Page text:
And so, to close out its first phase, the Chilcot Inquiry recalled Straw -- who had already given one sweaty, white-knuckle performance on the witness stand a few weeks ago. With the implacable politesse of the true British mandarin, panelist Sir Lawrence Freedman seized the opportunity to suggest to the right honorable minister that the right honorable minister might, perhaps, be lying through his right honorable teeth in denying that Colin Powell had informed him quite clearly that the Americans were going to war, come hell or high water, in March 2003. As the Guardian notes, Freedman's questions "make it clear that [he] has obviously seen some very interesting paperwork. Here is the exchange, from the Guardian:


Freedman asked: Can you start by confirming that you knew that military action was planned by the US for the middle of March come what may? You were copied in, presumably, to reports of conversations between the prime minister and the president?

Straw replied: Yes, I don't think there was any key document that I should have seen that I didn't.

Freedman: Was there any point where [Colin] Powell said to you that even if Iraq complied, president Bush had already made a decision that he intended to go to war?

Straw replied: Certainly not to the best of my recollection.

Freedman went on: I was going to suggest you might want to look through your conversations and check.

Mr Straw at last got the hint: I will go through the records because I think you are trying to tell me something.


Yes, Mr Straw. He is trying to tell you, and the world, that he has the paper in his hand documenting your conversation with Colin Powell: a clear admission of the war crime of military aggression, as it reveals that there was not even a pretense of a legally justifiable casus belli among the American and British leaders -- just the cold, pre-determined intention to attack.

(And Powell, as we all remember, was the "good American," the "honorable American" in the run-up to war, a "decent man" who somehow got "railroaded" into making a false case for war before the entire world at the UN. A man so honorable and decent that the progressive Democratic presidential candidate Barack Obama proudly claimed him as one of his advisers, even as the million corpses from the war that Powell and Straw knowingly and willingly helped launch were rotting in the ground.)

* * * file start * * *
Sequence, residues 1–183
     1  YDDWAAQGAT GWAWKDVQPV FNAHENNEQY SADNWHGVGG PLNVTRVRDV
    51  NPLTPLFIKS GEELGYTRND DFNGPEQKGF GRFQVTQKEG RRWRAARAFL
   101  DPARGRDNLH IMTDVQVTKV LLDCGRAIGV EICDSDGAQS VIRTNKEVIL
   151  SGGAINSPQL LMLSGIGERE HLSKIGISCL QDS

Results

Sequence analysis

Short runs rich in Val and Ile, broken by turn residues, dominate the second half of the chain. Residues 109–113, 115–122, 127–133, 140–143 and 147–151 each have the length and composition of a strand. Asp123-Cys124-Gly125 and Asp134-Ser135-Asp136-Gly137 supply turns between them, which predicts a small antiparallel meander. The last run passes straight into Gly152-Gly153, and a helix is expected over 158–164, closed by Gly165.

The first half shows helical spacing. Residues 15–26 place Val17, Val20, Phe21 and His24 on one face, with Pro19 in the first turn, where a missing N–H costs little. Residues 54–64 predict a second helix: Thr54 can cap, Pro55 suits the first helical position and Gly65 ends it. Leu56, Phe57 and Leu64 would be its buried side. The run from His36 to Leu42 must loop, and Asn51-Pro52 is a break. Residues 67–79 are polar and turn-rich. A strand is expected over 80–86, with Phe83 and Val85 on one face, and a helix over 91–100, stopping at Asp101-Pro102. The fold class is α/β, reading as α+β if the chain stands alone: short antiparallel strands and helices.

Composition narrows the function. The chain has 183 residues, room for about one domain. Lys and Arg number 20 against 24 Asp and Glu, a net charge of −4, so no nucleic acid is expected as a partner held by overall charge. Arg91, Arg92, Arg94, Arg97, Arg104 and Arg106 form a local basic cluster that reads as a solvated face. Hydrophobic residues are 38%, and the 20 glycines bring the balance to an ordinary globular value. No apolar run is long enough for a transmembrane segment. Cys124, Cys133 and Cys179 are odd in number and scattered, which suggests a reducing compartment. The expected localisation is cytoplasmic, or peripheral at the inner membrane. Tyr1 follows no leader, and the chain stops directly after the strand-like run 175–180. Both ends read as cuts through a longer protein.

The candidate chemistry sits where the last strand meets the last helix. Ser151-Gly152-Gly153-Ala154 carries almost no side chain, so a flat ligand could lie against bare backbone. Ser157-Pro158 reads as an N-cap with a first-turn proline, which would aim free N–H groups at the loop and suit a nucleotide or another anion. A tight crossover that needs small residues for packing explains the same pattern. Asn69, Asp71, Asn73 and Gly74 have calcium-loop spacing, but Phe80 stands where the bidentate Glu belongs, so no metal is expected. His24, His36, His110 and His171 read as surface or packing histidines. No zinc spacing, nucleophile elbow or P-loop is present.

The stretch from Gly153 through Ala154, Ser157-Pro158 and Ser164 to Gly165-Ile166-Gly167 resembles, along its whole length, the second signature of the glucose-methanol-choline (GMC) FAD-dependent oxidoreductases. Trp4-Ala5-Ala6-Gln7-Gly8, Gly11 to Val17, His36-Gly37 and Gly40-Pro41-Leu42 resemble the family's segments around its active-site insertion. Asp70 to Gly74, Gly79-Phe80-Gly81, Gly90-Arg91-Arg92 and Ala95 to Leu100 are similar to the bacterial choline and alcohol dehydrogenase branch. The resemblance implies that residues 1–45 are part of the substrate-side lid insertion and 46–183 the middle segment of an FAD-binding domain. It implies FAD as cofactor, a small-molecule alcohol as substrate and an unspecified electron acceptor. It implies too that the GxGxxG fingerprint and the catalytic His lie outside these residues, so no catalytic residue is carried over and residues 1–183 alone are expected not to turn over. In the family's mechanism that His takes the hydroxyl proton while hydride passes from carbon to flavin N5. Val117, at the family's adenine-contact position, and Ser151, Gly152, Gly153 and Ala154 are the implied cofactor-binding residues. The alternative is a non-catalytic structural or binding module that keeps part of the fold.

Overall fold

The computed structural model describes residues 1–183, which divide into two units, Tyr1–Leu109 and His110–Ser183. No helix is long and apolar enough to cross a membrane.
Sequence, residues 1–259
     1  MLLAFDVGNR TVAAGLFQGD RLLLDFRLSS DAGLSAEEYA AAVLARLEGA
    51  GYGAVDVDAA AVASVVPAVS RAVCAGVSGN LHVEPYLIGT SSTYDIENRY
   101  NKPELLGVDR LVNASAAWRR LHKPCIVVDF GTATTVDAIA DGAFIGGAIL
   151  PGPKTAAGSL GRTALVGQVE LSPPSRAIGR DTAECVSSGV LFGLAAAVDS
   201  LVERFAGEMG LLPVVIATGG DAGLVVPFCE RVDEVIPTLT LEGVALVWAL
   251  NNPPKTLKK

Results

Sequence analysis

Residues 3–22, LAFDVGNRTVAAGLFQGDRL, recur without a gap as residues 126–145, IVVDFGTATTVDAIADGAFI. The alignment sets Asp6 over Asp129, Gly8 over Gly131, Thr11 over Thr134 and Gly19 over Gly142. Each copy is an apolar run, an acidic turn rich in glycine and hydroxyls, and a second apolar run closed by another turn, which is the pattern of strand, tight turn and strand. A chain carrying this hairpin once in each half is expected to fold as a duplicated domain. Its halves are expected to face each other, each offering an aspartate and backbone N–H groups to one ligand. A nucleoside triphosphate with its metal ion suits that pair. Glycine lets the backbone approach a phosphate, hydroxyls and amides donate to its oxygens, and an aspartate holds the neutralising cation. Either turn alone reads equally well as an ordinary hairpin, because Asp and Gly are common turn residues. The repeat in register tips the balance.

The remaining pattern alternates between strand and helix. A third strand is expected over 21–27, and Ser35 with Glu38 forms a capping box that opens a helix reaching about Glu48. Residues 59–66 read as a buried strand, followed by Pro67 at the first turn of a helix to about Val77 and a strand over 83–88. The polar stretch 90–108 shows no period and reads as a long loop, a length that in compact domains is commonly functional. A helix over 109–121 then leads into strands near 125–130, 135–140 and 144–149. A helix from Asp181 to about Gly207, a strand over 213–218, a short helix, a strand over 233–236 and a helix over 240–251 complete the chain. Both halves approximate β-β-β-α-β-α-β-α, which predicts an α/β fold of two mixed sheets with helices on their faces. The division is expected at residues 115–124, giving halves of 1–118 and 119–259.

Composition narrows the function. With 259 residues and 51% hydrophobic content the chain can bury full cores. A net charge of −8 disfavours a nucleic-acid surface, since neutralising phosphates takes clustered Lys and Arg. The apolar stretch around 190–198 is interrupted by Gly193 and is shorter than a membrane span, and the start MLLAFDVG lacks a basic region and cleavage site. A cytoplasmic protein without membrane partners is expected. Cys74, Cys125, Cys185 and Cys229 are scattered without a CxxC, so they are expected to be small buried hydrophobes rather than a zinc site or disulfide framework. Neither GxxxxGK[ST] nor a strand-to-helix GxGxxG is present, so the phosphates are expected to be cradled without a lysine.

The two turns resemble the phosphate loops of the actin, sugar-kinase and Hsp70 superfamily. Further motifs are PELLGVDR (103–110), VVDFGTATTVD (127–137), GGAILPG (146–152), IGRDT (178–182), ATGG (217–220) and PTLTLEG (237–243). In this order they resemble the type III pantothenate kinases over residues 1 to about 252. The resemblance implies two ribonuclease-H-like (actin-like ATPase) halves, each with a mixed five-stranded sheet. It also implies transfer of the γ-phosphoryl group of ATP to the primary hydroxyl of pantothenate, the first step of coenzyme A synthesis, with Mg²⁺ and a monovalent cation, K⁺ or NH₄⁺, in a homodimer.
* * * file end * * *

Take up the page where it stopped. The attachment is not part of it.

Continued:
But, as Ames notes, these kinds of oblique references are "the best we will get for now" from the panel: "At the end, Sir John Chilcot said that, however revealing the sessions have been, the great bulk of the evidence, telling us 'what really went on behind the scenes,' is in the documents." And the documents have not been and probably will not be released -- at least not for many decades, by which time Blair and Straw and Powell and Bush will have all lived out their days in wealth and comfort.

But although documents can be kept under wraps, and testimony can be falsified or prettified, the monstrous moral rot that has infected the warmongers can never be fully hidden. "For murder, though it have no tongue, will speak/With most miraculous organ." And Straw revealed his own moral depravity, his own arrogant and unfeeling blindness, in his remarks at the end of his testimony.

In his final statement, hoping to paint himself has a decent and honorable man (like Powell!), Straw spoke of how he "grieves" for the "huge heartache" suffered by "those who lost loved ones out there." But he could not resist offering up one more transparent lie -- a lie, furthermore, contradicted by his own testimony earlier in the session. Here is the lie:

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Chris Floyd is an American journalist. His work has appeared in print and online in venues all over the world, including The Nation, Counterpunch, Columbia Journalism Review, the Christian Science Monitor, Il Manifesto, the Moscow Times and many (more...)